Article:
My science and engineering club at school is working on a motorized wheelchair project. The wheelchair will have four wheels. We have calculated torque for the two back wheels; it is 245 Nm. The back wheels will hold 70% of the mass, which is 87.5 kg (total mass is 125 kg - person and chair). We need to decide if we should use one motor for both wheels, or a single motor for each wheel. We are having trouble converting the torque to the wattage needed on the motor, and we also would like help identifying the rpm for the sprocket on the motor.
We spoke briefly to support on the phone Friday and the recommendation was to use a single 24 V 450 W motor. We want to understand "why" that motor is the correct motor and try to apply it to the math we completed. We would like to use your Tech Forum for this assistance.
We have used your on-line gear ratio calculator and believe we will use a 26 inch wheel so a 2:1 gear ratio can be used to connect one of the back wheels to the suggested motor.
Would also like to discuss controller selection and possible battery selection as we continue to design our project.
The team decided to use a single 24V 450W motor in the design. We will not be able to use the suggested 36V motor for this project. For timing issues, we will not be able to wait for the delivery times you mention but feel we have found a motor to purchase on-line and will take this route for the motor.
We do wish to work with you and purchase the controller from you, plus any throttle control recommendations you have for items that are currently in stock with your company.
Any additional recommendations, parts list, etc. are appreciated! Thank you!
Yes - reverse
Twist throttle (unless you can make a better case for thumb throttle)
Yes to key switch
ESP Support -
We received the parts order mid- March and worked to compile the electrical system for the project. All the electrical system components worked well once we made modifications to the throttle connector. We are able to run the unmounted motor using the purchased electrical system. The project is progressing and the team is working to mount the motor and connect the motor to the sprocket on the axle.
We have a question concerning how tight the bicycle chain we purchased from ESP should be between the motor and the axle sprocket. We have tried looking for information on your site concerning chain tension. When we first tried to connect the motor to the sprocket, we continued to have the chain slip off. We actually think the tension is too tight but don't know for sure. The motor wants to pull towards the sprocket and we fear damaging the motor - this is why we think the tension is too tight.. We are working to re-enforce the motor mount but need to better understand the tension necessary for the bike chain.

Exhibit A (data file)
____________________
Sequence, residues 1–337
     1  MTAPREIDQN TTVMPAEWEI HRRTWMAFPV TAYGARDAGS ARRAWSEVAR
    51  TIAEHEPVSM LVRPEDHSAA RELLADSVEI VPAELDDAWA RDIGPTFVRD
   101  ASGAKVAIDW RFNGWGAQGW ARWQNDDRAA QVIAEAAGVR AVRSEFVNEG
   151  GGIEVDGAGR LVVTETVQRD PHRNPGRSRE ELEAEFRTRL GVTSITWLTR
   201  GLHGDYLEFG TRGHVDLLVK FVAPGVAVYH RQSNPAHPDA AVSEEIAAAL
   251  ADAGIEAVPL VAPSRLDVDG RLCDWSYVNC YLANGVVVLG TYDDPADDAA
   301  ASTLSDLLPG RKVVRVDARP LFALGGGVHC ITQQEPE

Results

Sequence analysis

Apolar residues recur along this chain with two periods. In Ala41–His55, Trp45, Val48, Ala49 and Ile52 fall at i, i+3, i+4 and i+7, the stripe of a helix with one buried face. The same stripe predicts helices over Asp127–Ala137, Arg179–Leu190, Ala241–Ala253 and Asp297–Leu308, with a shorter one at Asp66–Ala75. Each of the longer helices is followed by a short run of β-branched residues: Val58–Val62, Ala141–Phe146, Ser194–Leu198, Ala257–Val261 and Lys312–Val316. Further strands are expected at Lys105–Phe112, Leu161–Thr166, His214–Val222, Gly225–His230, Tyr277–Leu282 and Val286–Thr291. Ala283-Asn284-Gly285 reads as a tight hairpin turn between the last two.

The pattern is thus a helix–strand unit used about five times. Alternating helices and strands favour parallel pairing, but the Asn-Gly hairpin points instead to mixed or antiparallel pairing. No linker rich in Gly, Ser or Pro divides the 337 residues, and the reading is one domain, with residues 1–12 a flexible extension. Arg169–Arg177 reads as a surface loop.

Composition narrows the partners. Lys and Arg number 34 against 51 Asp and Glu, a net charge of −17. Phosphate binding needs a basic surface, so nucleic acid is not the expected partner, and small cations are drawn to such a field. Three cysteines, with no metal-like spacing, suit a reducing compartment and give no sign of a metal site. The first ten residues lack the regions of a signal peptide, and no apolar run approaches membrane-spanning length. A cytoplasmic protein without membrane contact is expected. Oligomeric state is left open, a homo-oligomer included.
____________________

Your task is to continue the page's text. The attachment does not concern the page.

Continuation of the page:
Can you advise regarding the tension requiring on the chain when the motor and the wheel sprocket are connected? What is this for a typical motorized bike or trike?
A picture of the work in progress is included. Thanks!
The chain should definitely have slack and should not be 100% slack-less or else too much pressure will be placed on the motor's bearings and they could wear out very quickly.
Having an overly tightened chain should not cause it to fall off though, in fact it should help to prevent it from falling off. Usually when a chain falls off it is from the sprockets being out of alignment, or from new and used sprockets and or chain being used together.
If all of the sprockets and the chain are new then it has to be an alignment problem. However If a used chain and or used rear sprocket are being used with a new motor sprocket that could be causing the
chain to falling off. As sprockets and chains wear out during use
the chain stretches and that causes the sprocket teeth to wear out along
Here is an illustration that shows the most common sprocket alignment
problems and what perfect sprocket alignment should look like.
I like to check sprocket alignment by eyeballing one of the sprockets against the other one like this.
Please let me know if you have any questions.